Here's a thought of mine-- our side has acted upon an odd sort of assumption that because Bush turned the Clinton surplus into a deficit, it somehow is his, rather than America's, or to put it another way, that it didn't become Obama's and our own when Obama was elected. It's like we've been seeing it as something less than fully real because it has some immoral origin. I don't have any problem with the sentiment behind this thinking, but I do have a problem with our not doing more to recognize that it needs to become left wing and liberal to do something about the size of our debt. I rather strongly think health care might have been more popular if we weren't operating at such sizable deficits and debt.
I realize the CBO calls the health care legislation deficit neutral, or even likely to reduce the deficit. However, the CBO's imprimatur only tells us the organization making its prediction is not an inherently political one. It does not mean nothing political affected its analysis, for our ability to say so would mean we'd have to believe it is humanly possible to ever remove politics from the vantage points human beings view any part of the world. It's less political than it would have been had it come from another source, but that's all we can say on that issue.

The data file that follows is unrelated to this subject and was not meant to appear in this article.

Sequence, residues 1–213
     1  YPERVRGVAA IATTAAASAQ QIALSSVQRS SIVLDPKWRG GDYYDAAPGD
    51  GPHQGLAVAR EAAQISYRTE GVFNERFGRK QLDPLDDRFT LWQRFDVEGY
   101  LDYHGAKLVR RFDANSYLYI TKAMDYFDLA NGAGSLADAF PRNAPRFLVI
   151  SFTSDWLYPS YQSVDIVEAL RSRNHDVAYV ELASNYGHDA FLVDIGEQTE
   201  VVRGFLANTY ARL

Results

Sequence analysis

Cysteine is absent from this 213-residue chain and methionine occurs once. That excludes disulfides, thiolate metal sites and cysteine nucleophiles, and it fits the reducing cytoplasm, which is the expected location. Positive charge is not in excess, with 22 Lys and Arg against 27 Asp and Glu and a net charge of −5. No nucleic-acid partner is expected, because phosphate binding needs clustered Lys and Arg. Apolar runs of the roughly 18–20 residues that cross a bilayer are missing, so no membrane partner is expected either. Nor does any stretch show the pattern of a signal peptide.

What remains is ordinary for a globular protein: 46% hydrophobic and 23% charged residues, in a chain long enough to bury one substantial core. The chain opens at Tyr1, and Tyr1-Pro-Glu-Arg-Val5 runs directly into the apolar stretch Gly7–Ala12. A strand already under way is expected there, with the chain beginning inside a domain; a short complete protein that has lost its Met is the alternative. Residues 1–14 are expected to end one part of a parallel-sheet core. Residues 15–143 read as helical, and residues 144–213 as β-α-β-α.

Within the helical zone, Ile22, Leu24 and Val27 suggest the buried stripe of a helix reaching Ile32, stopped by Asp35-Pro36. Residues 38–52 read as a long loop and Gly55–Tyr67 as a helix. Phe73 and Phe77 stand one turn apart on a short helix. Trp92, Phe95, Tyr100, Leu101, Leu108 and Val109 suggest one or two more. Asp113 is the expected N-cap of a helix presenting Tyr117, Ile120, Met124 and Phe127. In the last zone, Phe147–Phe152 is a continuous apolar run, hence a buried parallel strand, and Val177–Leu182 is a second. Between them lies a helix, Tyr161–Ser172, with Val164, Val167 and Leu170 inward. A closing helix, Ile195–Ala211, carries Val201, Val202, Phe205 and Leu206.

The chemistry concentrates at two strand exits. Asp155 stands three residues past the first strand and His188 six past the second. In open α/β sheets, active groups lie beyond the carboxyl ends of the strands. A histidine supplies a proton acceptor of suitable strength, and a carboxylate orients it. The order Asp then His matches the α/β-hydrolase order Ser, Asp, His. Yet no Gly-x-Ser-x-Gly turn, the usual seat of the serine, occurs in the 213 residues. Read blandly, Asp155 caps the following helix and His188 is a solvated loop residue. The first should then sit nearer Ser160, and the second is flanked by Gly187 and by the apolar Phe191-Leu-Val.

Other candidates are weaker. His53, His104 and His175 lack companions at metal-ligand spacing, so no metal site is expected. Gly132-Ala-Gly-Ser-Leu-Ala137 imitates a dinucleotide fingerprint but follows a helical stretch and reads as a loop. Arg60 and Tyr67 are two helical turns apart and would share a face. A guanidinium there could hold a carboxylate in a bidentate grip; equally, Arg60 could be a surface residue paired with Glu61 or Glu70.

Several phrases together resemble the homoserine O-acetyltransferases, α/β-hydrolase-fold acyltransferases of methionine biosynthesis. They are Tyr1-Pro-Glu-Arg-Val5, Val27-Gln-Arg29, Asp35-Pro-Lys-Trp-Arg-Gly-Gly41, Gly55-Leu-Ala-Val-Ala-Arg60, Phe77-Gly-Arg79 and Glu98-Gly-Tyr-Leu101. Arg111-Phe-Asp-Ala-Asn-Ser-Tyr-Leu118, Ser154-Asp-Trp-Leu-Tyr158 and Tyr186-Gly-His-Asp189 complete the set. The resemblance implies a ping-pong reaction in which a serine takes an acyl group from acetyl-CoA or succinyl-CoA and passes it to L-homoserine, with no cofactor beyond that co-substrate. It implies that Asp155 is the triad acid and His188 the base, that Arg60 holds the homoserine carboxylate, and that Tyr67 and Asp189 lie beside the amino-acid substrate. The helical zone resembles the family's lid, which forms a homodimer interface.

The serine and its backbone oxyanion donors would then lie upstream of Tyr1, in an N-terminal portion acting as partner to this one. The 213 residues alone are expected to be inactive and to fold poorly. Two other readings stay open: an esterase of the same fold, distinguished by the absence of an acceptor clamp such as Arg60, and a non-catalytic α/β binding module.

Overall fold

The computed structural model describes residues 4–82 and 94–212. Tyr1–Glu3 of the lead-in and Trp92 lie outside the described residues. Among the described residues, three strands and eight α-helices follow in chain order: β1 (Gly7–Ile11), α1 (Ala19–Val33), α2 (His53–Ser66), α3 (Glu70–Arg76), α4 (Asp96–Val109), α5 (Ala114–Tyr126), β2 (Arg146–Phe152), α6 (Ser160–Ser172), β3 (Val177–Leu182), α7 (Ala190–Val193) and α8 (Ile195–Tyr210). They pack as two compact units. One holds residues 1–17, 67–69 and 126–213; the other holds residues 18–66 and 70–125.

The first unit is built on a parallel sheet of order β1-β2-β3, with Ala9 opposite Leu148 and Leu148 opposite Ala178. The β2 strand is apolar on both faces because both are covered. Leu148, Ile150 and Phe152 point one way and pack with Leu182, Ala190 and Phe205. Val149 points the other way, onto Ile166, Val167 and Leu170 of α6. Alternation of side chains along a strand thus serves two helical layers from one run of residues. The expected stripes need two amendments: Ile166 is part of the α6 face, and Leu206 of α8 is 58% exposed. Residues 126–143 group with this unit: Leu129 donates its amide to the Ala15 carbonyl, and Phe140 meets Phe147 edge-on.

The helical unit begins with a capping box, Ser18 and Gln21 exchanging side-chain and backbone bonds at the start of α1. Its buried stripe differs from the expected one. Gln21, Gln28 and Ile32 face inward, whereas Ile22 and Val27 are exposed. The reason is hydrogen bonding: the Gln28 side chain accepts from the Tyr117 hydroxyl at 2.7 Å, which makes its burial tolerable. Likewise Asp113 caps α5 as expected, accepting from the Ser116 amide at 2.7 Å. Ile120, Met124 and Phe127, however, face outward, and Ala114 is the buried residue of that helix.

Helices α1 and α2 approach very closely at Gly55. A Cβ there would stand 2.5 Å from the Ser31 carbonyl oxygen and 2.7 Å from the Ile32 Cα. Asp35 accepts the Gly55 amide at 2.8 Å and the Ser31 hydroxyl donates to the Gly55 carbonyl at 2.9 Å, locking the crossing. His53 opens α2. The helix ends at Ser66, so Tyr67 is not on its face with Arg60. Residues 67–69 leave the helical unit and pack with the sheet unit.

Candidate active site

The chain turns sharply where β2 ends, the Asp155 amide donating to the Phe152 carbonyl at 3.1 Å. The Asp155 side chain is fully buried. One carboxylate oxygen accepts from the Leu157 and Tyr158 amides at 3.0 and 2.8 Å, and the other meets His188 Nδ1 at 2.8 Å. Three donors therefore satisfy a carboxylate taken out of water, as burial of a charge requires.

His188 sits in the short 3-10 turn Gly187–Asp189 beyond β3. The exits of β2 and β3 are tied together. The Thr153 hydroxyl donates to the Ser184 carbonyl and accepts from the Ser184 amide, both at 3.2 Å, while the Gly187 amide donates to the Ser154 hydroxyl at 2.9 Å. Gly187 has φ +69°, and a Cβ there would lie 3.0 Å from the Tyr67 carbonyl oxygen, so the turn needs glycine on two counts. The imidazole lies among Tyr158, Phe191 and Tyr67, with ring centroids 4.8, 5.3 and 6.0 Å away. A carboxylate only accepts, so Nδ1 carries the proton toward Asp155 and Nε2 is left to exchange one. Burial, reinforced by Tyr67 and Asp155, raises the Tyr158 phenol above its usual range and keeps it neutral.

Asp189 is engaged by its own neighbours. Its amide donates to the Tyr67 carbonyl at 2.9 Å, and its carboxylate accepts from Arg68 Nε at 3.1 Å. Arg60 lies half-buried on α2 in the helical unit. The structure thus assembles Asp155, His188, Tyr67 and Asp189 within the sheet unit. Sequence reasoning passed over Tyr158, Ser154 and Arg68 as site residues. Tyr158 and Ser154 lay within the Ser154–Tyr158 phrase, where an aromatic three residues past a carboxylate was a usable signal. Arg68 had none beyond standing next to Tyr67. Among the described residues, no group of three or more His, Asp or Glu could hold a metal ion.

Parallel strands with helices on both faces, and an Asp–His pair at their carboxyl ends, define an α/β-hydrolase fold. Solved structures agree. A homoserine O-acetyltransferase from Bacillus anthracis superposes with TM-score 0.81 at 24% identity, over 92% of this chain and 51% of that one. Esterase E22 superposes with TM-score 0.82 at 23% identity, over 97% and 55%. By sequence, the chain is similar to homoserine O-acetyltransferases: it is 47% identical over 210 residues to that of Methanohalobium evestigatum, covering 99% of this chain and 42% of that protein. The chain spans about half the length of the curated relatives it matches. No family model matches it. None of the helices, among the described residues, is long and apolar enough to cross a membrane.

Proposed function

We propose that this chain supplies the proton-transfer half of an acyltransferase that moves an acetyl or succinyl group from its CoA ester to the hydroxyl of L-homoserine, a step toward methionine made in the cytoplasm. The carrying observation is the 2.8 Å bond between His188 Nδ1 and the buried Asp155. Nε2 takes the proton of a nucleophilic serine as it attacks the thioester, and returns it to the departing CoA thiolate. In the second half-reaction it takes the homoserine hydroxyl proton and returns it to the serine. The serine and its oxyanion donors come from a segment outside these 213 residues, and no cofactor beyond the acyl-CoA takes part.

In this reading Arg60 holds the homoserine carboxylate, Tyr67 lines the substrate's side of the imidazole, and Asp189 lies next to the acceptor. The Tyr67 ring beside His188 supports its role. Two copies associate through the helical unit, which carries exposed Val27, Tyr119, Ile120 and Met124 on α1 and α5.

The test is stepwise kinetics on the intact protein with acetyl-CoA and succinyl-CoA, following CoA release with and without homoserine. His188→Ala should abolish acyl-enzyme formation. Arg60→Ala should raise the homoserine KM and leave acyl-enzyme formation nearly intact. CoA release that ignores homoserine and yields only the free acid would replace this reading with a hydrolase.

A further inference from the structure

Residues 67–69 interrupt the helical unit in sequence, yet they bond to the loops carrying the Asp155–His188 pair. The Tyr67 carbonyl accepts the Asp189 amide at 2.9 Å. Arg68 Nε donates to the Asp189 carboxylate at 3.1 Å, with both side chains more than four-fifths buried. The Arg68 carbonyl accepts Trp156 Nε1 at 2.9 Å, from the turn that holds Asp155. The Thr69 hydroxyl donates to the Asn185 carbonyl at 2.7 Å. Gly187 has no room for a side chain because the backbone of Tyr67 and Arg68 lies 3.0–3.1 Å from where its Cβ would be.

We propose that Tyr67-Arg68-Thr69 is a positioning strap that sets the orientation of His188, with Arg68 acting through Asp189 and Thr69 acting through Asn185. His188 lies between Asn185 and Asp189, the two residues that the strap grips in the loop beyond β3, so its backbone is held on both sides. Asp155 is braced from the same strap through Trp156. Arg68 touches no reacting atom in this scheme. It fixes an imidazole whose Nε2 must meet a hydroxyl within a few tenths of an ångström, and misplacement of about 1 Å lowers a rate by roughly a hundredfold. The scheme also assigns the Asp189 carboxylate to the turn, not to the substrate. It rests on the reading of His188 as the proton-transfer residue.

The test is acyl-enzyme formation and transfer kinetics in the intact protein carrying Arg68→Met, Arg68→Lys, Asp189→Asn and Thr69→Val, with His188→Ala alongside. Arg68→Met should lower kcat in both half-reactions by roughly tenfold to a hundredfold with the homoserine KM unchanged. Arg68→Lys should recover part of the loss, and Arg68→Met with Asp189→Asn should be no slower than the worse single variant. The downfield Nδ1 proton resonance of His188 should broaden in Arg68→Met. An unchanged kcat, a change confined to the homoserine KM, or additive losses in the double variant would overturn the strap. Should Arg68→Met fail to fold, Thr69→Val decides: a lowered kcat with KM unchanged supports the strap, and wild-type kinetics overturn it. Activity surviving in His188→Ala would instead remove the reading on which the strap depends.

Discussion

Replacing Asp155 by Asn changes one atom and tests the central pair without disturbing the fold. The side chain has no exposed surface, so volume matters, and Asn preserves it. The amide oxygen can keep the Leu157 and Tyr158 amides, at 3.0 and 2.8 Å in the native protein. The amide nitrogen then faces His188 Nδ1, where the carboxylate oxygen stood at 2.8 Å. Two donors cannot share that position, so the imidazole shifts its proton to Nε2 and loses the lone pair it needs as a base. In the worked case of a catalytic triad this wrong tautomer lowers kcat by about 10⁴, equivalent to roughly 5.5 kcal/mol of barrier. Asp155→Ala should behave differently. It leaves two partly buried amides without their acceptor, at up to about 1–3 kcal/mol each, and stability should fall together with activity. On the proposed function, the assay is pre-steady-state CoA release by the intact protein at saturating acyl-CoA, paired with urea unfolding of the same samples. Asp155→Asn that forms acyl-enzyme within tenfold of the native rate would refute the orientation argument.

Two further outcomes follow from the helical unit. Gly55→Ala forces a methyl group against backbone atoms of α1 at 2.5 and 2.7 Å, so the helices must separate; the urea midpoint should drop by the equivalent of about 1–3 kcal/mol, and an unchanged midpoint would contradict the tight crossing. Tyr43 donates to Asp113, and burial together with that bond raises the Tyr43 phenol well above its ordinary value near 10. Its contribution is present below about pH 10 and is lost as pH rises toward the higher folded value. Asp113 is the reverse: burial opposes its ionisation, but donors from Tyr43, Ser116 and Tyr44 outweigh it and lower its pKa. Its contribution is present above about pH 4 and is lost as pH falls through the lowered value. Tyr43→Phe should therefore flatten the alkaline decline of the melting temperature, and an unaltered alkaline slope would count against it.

But that's less important than the larger point-- the fact that the CBO says a thing about something like this only means it's a guess based upon the calculations of a group less beholden to a certain point of view than another group would be. It does not mean what it has said is automatically accurate. The problem with this is that when we're talking about legislation that will run into the trillions of dollars on the cost side, the CBO's projections don't have to be off by much for them to bring about profound economic consequences.
This does not mean I value by one iota less the millions of people who will now have access to health care. It does mean when we gained executive power we took ownership of everything that had come before us; the good and the bad. As much as the eventual judgment about why last night's election went as it did-- and many on the left are going to place all the blame on the Tea Party and our not having been even more progressive than we were, despite our not having political support for this anymore than the far right had for its candidates and positions-- note how NBC's Alexandra Moe shows us that in conditions as favorable as these, the Tea Party still only elected 32% of its candidates-- the fact still remains that some of what just happened was Obama's fault, which to me, is nearly tantamount to our saying it was our fault. If we're too arrogant to learn what we can from this election, we deserve what just happened to us.